Models and others in the fashion industry may be especially vulnerable to sexual assault, misconduct, and harassment
For a limited time, the Adult Survivors Act allows models and other victims of sexual assault to sue the perpetrators for damages – even if the assault occurred many years earlier
For many of us, the term “fashion industry” conjures visions of beautiful people strutting down runways, traveling the world, and dancing the night away at glamorous parties. While this is certainly the reality for some models, many have suffered for years with a much darker side of the fashion industry: endemic sexual assault and harassment.
Sexual Assault In The Fashion Industry
Of course, although sexual assault in the fashion industry is prevalent, it is not unique to the fashion world: every 68 seconds an American is sexually assaulted.¹ However, several factors mean that models – and other fashion industry workers – are often particularly vulnerable to abuse.2
First, the fashion industry remains plagued by gender inequality. While the majority of models and entry-level employees are women, leadership in the fashion industry remains overwhelmingly male – a dynamic referred to as “the glass runway” or “the fabric ceiling”.3 For example, while women work over 70% of entry-level positions in Fortune 1000 apparel companies, only 12.5% of these companies are led by a female CEO. 4
This is not to imply that men cannot be victims of sexual assault. To the contrary: nearly one-third of American men have experienced sexual violence, including many models and others working in fashion.5 In one high-profile example, photographer Bruce Weber – known for his work with Vogue, Calvin Klein, and Abercrombie & Fitch – recently settled a lawsuit after more than a dozen male models accused him of sexual misconduct dating back to the 1990s. 6
A second factor increasing models’ vulnerability to sexual assault is their age: models tend to be young adults, with many starting to work as teenagers. The majority of sexual assault victims are under 30, with 69% of all victims being under 35. Young women are particularly vulnerable: women aged 18-24 (who make up a sizeable portion of fashion models) are 3-4 times more likely to be sexually assaulted than the general population.
Third, financial dependence and precarity contributes to models’ vulnerability to sexual assault. Especially at the beginning of their careers, models are often required to work long hours for very little pay. Authority figures – whether photographers, agents, or modeling executives – may exploit models’ financial vulnerability by promising career advancement in exchange for sexual favors, or threaten to ruin the career of a model who reports sexual misconduct. This dynamic also means that many models may have avoided coming forward with claims against their attackers – for fear of personal or professional retaliation.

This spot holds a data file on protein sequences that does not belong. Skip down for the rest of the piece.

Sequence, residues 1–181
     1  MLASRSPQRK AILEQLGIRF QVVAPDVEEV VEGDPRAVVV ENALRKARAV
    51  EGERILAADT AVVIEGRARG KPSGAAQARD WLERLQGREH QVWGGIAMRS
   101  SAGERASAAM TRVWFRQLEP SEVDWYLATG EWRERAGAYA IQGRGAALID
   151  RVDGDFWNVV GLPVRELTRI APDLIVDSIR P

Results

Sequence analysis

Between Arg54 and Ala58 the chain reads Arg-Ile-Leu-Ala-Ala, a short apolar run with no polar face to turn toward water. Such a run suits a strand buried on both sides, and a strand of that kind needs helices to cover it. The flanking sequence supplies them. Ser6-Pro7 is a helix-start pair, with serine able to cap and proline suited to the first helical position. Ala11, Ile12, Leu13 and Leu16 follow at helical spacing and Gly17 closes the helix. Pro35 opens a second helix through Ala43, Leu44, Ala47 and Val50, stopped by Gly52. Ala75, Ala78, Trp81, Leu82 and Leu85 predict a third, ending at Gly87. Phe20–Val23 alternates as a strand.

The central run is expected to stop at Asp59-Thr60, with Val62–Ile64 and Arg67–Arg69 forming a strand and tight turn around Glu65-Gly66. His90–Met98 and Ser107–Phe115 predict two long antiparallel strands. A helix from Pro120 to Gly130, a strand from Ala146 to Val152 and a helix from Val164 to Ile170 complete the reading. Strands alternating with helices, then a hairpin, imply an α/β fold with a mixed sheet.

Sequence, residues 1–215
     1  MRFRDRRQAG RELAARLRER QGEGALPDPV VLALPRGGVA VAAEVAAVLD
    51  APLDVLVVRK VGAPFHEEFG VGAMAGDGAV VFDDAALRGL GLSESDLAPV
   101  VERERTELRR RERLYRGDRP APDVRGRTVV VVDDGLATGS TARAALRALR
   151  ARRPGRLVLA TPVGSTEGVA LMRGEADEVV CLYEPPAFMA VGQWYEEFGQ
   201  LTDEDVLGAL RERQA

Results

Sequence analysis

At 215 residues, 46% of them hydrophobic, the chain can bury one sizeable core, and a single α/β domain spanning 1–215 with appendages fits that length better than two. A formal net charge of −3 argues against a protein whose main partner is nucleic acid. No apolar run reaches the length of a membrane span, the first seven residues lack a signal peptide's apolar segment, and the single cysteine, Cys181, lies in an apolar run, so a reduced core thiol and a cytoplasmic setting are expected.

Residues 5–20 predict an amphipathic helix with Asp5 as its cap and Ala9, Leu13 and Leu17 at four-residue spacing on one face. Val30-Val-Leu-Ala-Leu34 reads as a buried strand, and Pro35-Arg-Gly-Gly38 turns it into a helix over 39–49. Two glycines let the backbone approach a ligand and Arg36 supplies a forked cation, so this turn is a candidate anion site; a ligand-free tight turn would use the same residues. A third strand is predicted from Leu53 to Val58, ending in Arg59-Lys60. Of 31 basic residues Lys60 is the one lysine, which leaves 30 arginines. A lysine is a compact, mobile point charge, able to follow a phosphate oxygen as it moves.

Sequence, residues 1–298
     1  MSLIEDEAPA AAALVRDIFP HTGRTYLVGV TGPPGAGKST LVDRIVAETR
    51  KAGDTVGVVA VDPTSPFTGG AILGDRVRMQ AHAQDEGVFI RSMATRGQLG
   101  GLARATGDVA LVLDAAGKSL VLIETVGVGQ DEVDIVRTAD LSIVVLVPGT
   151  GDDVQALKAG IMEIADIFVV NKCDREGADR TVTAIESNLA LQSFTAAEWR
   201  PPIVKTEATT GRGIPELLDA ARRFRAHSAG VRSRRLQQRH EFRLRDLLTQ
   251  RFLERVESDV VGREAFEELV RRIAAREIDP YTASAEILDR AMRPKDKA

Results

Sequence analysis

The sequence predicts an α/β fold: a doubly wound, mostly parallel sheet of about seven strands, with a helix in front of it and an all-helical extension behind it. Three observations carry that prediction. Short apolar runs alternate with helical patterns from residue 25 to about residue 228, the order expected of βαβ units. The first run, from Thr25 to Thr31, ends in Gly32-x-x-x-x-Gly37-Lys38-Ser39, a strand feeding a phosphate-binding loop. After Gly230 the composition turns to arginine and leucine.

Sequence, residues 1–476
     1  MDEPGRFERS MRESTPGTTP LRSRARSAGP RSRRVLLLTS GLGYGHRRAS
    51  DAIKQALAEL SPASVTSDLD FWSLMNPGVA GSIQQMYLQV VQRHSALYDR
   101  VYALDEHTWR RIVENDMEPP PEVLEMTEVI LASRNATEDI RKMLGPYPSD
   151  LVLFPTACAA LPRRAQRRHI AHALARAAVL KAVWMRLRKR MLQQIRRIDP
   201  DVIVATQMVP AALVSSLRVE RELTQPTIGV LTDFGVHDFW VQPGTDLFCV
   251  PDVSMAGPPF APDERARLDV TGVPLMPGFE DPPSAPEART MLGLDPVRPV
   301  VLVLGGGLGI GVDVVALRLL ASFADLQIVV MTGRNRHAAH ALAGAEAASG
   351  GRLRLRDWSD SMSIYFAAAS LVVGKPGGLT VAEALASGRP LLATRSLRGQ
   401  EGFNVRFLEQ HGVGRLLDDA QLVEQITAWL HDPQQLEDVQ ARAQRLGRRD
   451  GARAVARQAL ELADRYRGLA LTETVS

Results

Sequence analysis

Models who immigrate from other countries may be at even greater risk of exploitation if they face language barriers or depend on their employers to maintain their Visa status in the United States. Kaja Sokola was just 16 when she moved from Poland to New York to pursue her dreams of modeling. A young teen in a foreign country, Sokola reports she was sexually abused by notorious predator Harvey Weinstein, whom she met at an event organized by her modeling agency.
Finally, the nature of modeling work itself can put models at risk. During many parts of the job, including photoshoots and bookings, models may be left alone with just one or two other people in the room. Many photoshoots involve a degree of nudity, blurring boundaries of acceptable behavior; models may feel uncertain about whether a photographer’s remarks or conduct has crossed the line, and therefore hesitate to speak up.
Of course, it’s not just models who are victims of sexual assault. Many other fashion industry workers – from makeup artists to photographers’ assistants – are vulnerable for similar reasons.
The impacts of sexual assault can be serious, long-lasting, and felt in multiple spheres of life. As well as physical impacts, sexual assault may impact victims’ mental health, professional or academic performance, or interpersonal relationships.
If you or a loved one has experienced sexual assault or harassment, you may be entitled to compensation. This may be true even if the crime occurred many years ago: for a limited time, under the Adult Survivors Act, the Statute of Limitations for certain sex crimes is suspended until November 23, 2023.
At the Bongiorno Law Firm, our team of attorneys has the compassion, skill, and experience to fight for sexual assault survivors every step of the way. If you are considering a lawsuit, please do not hesitate to contact us today. Consultations are free, confidential, and no-obligation.
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¹ https://www.rainn.org/statistics/scope-problem, Citing Department of Justice, Office of Justice Programs, Bureau of Justice Statistics, National Crime Victimization Survey, 2019 (2020). Note: RAINN applies a 5-year rolling average to adjust for changes in the year-to-year NCVS survey data.
6 https://www.nytimes.com/2018/01/13/style/mario-testino-bruce-weber-harassment.html; https://www.dailymail.co.uk/news/article-9948873/Legendary-fashion-photographer-Bruce-Weber-settles-second-sex-assault-lawsuit.html.